Last major update issued on April 8, 2006 at 05:25 UTC.
geomagnetic data - last month (updated daily)]
[Solar wind and electron fluence charts (updated daily)]
[Solar cycles 21-23 (last update April 1, 2006)]
[Solar cycles 1-20]
[Graphical comparison of cycles 21, 22 and 23 (last update April 1, 2006)]
[Graphical comparison of cycles 2, 10, 13, 17, 20 and 23 (last update April 1, 2006)]
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[Archived reports (last update April 3, 2006)]
The geomagnetic field was inactive to very quiet on April 7. Solar wind speed ranged between 305 and 363 (all day average 333) km/sec.
Solar flux measured at 20h UTC on 2.8 GHz was 94.5. The planetary A index
was 3 (STAR Ap - based on the mean of three hour interval ap
Three hour interval K indices: 10100011 (planetary), 00112220 (Boulder).
The background x-ray flux is at the class B1 level.
At midnight there were 4 spotted regions on the visible solar disk. The solar flare activity level was low. A total of 1 C class event was recorded during the day.
Region 10865 decayed slowly. C flares and a minor M class flares are
possible before the region rotates over the southwest limb late today.
Region 10866 decayed slowly and quietly.
Region 10867 decayed slowly. Flare: impulsive C9.7 at 08:03 UTC.
Region 10869 developed slowly and quietly.
A bright region behind the east limb has had several surges over the last couple of days. The region could rotate into view today.
April 5-7: No partly or fully Earth directed CMEs were observed in LASCO imagery.
Coronal hole history (since late October 2002)
Compare today's report with the situation one solar rotation ago: 28 days ago 27 days ago 26 days ago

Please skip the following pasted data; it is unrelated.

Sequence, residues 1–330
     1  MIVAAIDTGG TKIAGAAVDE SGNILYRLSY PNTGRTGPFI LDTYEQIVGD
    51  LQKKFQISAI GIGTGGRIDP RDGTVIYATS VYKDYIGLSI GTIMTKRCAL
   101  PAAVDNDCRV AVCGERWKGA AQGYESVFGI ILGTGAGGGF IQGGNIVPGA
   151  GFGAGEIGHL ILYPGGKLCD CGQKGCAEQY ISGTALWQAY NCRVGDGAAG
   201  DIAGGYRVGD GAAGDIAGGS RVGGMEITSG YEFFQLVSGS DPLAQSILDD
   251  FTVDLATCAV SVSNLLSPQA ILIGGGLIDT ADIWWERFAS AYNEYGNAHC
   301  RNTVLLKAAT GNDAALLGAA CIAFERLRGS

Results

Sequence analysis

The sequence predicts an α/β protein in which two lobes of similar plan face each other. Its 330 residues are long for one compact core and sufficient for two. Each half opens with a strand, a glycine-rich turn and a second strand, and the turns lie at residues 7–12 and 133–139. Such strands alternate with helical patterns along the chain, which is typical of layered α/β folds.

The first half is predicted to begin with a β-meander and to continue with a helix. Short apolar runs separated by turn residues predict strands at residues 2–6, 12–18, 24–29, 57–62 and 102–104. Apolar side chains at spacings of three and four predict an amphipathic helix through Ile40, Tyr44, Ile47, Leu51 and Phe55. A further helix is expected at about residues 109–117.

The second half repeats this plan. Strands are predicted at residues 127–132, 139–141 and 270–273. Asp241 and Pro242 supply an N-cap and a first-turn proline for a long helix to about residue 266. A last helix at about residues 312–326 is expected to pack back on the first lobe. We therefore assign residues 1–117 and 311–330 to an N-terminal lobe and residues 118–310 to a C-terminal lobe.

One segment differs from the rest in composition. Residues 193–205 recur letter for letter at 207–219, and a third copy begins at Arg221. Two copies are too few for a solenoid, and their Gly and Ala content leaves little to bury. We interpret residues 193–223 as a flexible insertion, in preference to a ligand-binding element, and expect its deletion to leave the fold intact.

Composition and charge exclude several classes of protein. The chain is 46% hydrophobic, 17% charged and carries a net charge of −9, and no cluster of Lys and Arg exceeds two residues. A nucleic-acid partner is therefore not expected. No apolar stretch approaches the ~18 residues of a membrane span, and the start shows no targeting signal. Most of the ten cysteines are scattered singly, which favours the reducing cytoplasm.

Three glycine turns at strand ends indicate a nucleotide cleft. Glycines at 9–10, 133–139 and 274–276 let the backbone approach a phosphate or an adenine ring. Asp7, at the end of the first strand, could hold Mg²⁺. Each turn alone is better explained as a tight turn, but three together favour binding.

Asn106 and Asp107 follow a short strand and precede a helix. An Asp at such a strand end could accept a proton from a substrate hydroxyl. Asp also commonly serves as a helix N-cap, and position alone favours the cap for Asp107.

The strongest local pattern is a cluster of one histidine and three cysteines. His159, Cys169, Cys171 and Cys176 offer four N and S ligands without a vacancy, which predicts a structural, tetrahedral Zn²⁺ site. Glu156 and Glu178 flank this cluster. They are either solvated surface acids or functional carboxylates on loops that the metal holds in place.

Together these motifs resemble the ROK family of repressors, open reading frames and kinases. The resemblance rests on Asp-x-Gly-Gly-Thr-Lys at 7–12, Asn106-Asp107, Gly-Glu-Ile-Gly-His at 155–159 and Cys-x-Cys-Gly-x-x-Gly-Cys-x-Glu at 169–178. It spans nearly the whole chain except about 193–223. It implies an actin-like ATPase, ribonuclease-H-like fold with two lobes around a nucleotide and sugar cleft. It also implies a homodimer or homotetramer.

A trans equatorial coronal hole (CH219) was in an Earth facing position on April 6-7.
Processed SOHO/EIT 284 image at 01:06 UTC on April 8. The darkest areas on the solar disk are likely coronal holes.
The geomagnetic field is expected to be quiet on April 8. Unsettled to minor storm conditions are possible on April 9-10 due to effects from CH219 becoming quiet to unsettled on April 11-12.
|Coronal holes (1)||Coronal mass ejections (2)||M and X class flares (3)|
1) Effects from a coronal hole could reach Earth
within the next 5 days. When the high speed stream has arrived the color changes to green.
2) Effects from a CME are likely to be observed at Earth within 96 hours.
3) There is a possibility of either M or X class flares within the next 48 hours.
Green: 0-20% probability, Yellow: 20-60% probability, Red: 60-100% probability.
Long distance low and medium frequency (below 2 MHz) propagation along east-west paths over high and upper middle latitudes is poor to very poor. Propagation on long distance northeast-southwest paths is poor to fair. Trans Atlantic propagation conditions are normally monitored every night on 1470 kHz. Dominant station tonight: Radio Vibración (Venezuela). Propagation was best to Venezuela, although only a few stations were audible.
Compare to the previous day's image.
Data for all numbered solar regions according to the Solar Region Summary provided by NOAA/SEC. Comments are my own, as is the STAR spot count (spots observed at or inside a few hours before midnight) and data for regions not numbered by SEC or where SEC has observed no spots. SEC active region numbers in the table below and in the active region map above are the historic SEC/USAF numbers.
|Active region||Date numbered||SEC
|Location at midnight||Area||Classification||Comment|
|10865||2006.03.28||7||11||S11W78||0230||DKO||area was 0380 at midnight|
|10867||2006.04.02||5||5||S15W56||0080||CHO||classification was DAO at midnight|
|Total spot count:||25||32|
flux at Earth
|International sunspot number||Smoothed sunspot number|
cycle 23 sunspot max.
|2005.10||77.0||8.5||(24.8 predicted, -1.0)|
|2005.11||86.3||18.0||(22.7 predicted, -2.1)|
|2005.12||90.7||41.2||(19.8 predicted, -2.9)|
|2006.01||83.4||15.4||(16.7 predicted, -3.1)|
|2006.02||76.5||4.7||(13.6 predicted, -3.1)|
|2006.03||75.4||10.8||(11.4 predicted, -2.2)|
|2006.04||95.8 (1)||16.9 (2)||(10.7 predicted, -0.7)|
1) Running average based on the
daily 20:00 UTC observed solar flux
value at 2800 MHz.
2) Unofficial, accumulated value based on the Boulder (NOAA/SEC) sunspot number. The official international sunspot number is typically 30-50% lower.
This report has been prepared by Jan Alvestad. It is based partly on my own observations and analysis, and partly on data from some of these solar data sources. All time references are to the UTC day. Comments and suggestions are always welcome.